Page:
I had been having worse and worse sore throats and then finally it got intolerable. My voice was two octaves lower than normal, and while the Lauren Bacall effect had its charms, pain in swallowing and being unable to sleep did not. So early in the morning I went to the ship’s doctor, with, I have to admit, a little bit of attitude.
I don’t know why I expected the ship’s doctor to be primarily a “say ah, and take an aspirin“ kind of person—but I did. I am happy to say, I was very wrong. He gave me a thorough physical and did a blood test which he analyzed while I was still in the office. I left loaded with effective medicines—and a new respect for the Azamara’s medical program.
Then I was off to Mykonos—an island I had not visited before. The small island has become popular for its beaches and its liberal attitudes. I was surprised, for example, when the first postcard place we went into after getting off the tender had erotic gay and heterosexual postcards. Shows you how out of touch I can be. Everyone else knew that Mykonos is gay and sex friendly, and we found adequate proof of that when we went on a bus ride, and then a boat ride to Paradise Beach and several beaches past that.
We went to Ileo, a beach two stops beyond because one woman said there was Techno music at Paradise and that the beaches beyond Super Paradise (also a beach!) were quiet. What was she smoking? The last beach drop off was a hub of activity—nude men embracing, heavy-set nudists congregating at waterside and topless women of all sizes strutting their stuff up and down the beach.
Fascinating as all this was, it was a little too hectic and fleshy to be romantic, and the cold water was an added romance quasher, at least for me. I think if we’d stayed at Paradise we would have done better even with the Techno music.
The town of Mykonos has all the requisite parts for romance. The doors and windows of the white houses are painted with primary bright colors and there is bougainvillea crawling over a lot of houses and restaurants. There are the winding streets, some of them so narrow that only an average size person can walk through them, and there are countless shops, heavily dominated by jewelry and clothes—some inexpensive (the islands produce some of the most whimsical and well priced jewelry of any place I’ve been), but also some serious investment gems and 18 and 24 carat gold pieces. In fact, the harbor is dotted with outrageously big yachts and it’s not hard to imagine that the owners of these floating palaces need some seriously over-the-top trinkets to make a stop in a shop worth their while.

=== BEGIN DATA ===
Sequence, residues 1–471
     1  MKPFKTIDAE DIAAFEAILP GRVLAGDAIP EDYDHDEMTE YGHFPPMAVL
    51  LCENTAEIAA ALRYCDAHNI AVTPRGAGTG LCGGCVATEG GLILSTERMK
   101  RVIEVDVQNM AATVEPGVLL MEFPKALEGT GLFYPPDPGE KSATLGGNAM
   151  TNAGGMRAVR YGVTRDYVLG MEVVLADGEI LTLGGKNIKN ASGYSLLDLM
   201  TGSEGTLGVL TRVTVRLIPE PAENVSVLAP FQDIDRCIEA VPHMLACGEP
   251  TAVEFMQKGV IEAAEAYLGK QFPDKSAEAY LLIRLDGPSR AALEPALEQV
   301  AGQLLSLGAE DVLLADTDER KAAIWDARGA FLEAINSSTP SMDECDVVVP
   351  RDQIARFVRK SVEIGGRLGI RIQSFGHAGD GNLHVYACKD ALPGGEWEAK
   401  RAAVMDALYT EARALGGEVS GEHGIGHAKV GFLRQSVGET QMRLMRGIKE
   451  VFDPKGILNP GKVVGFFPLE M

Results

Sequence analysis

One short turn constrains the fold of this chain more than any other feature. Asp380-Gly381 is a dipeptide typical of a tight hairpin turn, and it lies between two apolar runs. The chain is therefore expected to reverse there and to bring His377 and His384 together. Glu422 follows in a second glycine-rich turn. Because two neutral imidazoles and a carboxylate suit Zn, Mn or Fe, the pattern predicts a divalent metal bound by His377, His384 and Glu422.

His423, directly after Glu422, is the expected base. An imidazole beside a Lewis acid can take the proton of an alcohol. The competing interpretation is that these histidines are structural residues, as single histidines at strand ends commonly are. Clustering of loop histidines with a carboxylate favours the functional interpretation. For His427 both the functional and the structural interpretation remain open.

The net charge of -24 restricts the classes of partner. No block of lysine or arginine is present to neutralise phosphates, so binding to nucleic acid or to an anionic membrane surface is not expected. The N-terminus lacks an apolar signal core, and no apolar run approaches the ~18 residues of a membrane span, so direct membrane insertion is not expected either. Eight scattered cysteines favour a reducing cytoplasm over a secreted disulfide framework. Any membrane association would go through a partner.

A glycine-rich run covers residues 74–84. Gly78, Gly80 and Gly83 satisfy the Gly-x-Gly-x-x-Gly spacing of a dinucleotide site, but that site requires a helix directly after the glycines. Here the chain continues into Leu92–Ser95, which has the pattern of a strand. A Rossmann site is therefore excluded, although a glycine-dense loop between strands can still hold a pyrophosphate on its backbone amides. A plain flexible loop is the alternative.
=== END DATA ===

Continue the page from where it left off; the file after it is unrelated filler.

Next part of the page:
The sun beat down on us as we explored the town and I have to say I started to visit shops according to how much shade there was and whether they had air conditioning. We got lost a few times, but we were supposed to: the maze of streets was constructed to undermine pirate attempts by allowing locals to get the upper hand on attackers. These days the configuration just makes exploring more interesting.
If churches interest you—this is your city. There are more than 400 of them although some of them are about as big as your garage. The most impressive is the gorgeous and commonly photographed Byzantine Panagia Paraportiani. One of the chapels is open to visitors all day. There is also a good archaeological museum with a number of artifacts from Delos and Rhenia. In fact, you could do worse than take a boat ride to nearby Delos. The island is uninhabited and preserved as much as possible (over the centuries all the historic sites have been ravaged by vandals, conquerors, thieves, and amateur and professional archaeologists). Greeks in the 3rd century used it to celebrate it as the birthplace of Apollo. It has some awesome ruins and a tour puts history into perspective: a good balance to the sybaritic mood of Mykonos.
We went back to the boat to eat dinner and then some of us went to the famed “Little Venice” area to watch the sun set. It should have been superb—we were on the beach just below the Windmills, which the ship’s lecturer on the islands had assured us that we would all photograph (we did) and looking across the water to the setting sun. The problem: Little Venice smelled a lot like the real Venice. A mild, but anti-romantic stench rose up from the water’s edge—and I would advise that just in case this is a common occurrence, you sit back a few rows from the water. Or, just skip that area and look for nightlife in the center of town. Mykonos seems to be the party capital of the Cyclades, so you won’t have trouble finding music, dancing or serious drinking.
The feel of Mykonos by day or night is young, carefree and sensual. There are elegant places to stay, and then rooms for rent that are, to say the least, modest. I gather that the famous windmills are now habitable and can be had for a small fortune. They might be worth it—the view from there is stunning.